verb (used with object), ex·e·cut·ed, ex·e·cut·ing.

verb (used without object), ex·e·cut·ed, ex·e·cut·ing.

to perform or accomplish something, as an assigned task.
Sports. to perform properly the fundamental moves or mechanics of a sport, game, position, or particular play; show smoothness in necessary skills: We just didn't execute defensively.

Origin of execute

1350–1400; Middle English executen < Old French executer < Medieval Latin execūtāre, derivative of Latin execūtus, past participle of ex(s)equī to follow up, carry out (punishment), execute; see ex-1, sequence
Related formsex·e·cut·a·ble, adjectiveex·e·cut·er, nounnon·ex·e·cut·a·ble, adjectiveout·ex·e·cute, verb (used with object), out·ex·e·cut·ed, out·ex·e·cut·ing.pre·ex·e·cute, verb (used with object), pre·ex·e·cut·ed, pre·ex·e·cut·ing.re·ex·e·cute, verb (used with object), re·ex·e·cut·ed, re·ex·e·cut·ing.un·ex·e·cut·a·ble, adjectiveun·ex·e·cut·ed, adjectiveun·ex·e·cut·ing, adjectivewell-ex·e·cut·ed, adjective

Synonym study

2. See perform. 3. See kill1.

Synonyms for execute

Dictionary.com Unabridged Based on the Random House Unabridged Dictionary, © Random House, Inc. 2019

Examples from the Web for well-executed

Contemporary Examples of well-executed

Historical Examples of well-executed

  • It was certainly a daring and well-executed plan on the part of the President.

    The Dreadnought of the Air

    Percy F. Westerman

  • People have said that it is not a real stone, but a well-executed imitation.

    The Woman in the Alcove

    Anna Katharine Green

  • Sniveller, who had been taught the geography of the mansion from a well-executed plan, proceeded to the same door inside.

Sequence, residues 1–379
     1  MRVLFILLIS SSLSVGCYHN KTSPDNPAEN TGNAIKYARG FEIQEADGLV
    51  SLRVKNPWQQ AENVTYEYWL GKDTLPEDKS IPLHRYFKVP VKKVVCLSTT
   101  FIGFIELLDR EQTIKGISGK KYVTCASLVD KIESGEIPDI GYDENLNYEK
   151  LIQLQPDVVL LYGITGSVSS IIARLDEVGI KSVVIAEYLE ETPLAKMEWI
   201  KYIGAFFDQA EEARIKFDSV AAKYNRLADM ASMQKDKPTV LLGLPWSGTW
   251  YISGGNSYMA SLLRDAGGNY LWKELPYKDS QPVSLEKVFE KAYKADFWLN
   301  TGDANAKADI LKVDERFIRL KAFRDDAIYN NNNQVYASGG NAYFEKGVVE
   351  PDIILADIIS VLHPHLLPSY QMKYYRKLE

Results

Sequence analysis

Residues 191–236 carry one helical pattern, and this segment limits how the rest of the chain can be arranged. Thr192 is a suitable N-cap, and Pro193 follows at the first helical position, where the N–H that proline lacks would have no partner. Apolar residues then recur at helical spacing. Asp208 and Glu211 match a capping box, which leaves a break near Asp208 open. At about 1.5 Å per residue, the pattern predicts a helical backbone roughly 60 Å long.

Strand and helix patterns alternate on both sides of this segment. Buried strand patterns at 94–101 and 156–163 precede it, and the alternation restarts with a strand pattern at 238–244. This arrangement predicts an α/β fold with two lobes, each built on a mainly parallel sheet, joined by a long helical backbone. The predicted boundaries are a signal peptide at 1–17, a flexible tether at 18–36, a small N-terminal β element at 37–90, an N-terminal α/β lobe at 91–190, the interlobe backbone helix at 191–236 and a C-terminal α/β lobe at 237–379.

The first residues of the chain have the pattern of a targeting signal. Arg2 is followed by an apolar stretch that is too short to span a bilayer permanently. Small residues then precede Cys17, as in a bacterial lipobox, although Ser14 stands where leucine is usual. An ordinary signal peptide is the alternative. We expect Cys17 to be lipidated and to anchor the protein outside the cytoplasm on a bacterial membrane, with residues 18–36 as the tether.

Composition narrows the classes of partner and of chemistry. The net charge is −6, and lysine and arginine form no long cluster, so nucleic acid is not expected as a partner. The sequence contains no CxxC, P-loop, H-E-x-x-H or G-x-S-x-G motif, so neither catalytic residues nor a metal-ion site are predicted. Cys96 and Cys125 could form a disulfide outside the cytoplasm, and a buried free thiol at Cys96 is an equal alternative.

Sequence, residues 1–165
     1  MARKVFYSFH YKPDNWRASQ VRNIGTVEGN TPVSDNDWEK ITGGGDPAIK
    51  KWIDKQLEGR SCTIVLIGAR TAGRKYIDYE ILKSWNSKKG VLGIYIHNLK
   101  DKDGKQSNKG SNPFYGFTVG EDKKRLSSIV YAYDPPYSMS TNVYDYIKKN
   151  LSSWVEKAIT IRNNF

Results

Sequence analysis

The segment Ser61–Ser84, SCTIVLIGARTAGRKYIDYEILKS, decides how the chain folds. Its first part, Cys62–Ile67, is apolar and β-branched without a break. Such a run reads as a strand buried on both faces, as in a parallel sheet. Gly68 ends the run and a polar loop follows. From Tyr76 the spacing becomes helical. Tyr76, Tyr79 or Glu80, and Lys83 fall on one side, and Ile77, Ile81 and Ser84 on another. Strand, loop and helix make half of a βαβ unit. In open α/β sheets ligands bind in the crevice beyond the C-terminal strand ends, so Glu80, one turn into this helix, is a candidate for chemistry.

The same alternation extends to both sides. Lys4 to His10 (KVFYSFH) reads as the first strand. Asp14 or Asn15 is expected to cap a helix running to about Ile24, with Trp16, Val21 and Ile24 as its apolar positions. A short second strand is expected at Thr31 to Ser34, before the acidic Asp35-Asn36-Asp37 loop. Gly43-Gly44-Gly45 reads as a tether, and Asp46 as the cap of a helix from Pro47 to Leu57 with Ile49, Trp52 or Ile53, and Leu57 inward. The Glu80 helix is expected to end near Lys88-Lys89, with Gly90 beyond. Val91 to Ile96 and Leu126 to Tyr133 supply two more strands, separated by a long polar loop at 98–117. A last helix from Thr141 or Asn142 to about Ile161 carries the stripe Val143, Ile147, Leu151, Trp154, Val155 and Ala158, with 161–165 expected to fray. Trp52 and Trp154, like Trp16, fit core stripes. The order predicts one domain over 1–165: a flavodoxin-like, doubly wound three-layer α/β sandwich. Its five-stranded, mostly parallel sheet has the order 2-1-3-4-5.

• Immediately she despatched to his lordship a messenger, conveying him from the house by a well-executed sally.

  • In the centre, above the entablature, is a group of well-executed winged figures, and beneath is a sculptured pelican.

    Old and New London

    Walter Thornbury

British Dictionary definitions for well-executed


verb (tr)

to put (a condemned person) to death; inflict capital punishment upon
to carry out; complete; perform; doto execute an order
to perform; accomplish; effectto execute a pirouette
to make or produceto execute a drawing
to carry into effect (a judicial sentence, the law, etc); enforce
law to comply with legal formalities in order to render (a deed, etc) effective, as by signing, sealing, and delivering
to sign (a will) in the presence of witnesses and in accordance with other legal formalities
to carry out the terms of (a contract, will, etc)
Derived Formsexecuter, noun

Word Origin for execute

C14: from Old French executer, back formation from executeur executor
Collins English Dictionary - Complete & Unabridged 2012 Digital Edition © William Collins Sons & Co. Ltd. 1979, 1986 © HarperCollins Publishers 1998, 2000, 2003, 2005, 2006, 2007, 2009, 2012

Word Origin and History for well-executed



late 14c., "to carry into effect," from Old French executer (14c.), from Medieval Latin executare, from Latin execut-/exsecut-, past participle stem of exequi/exsequi "to follow out" (see execution). Meaning "to inflict capital punishment" is from late 15c. Related: Executed; executing.

Online Etymology Dictionary, © 2010 Douglas Harper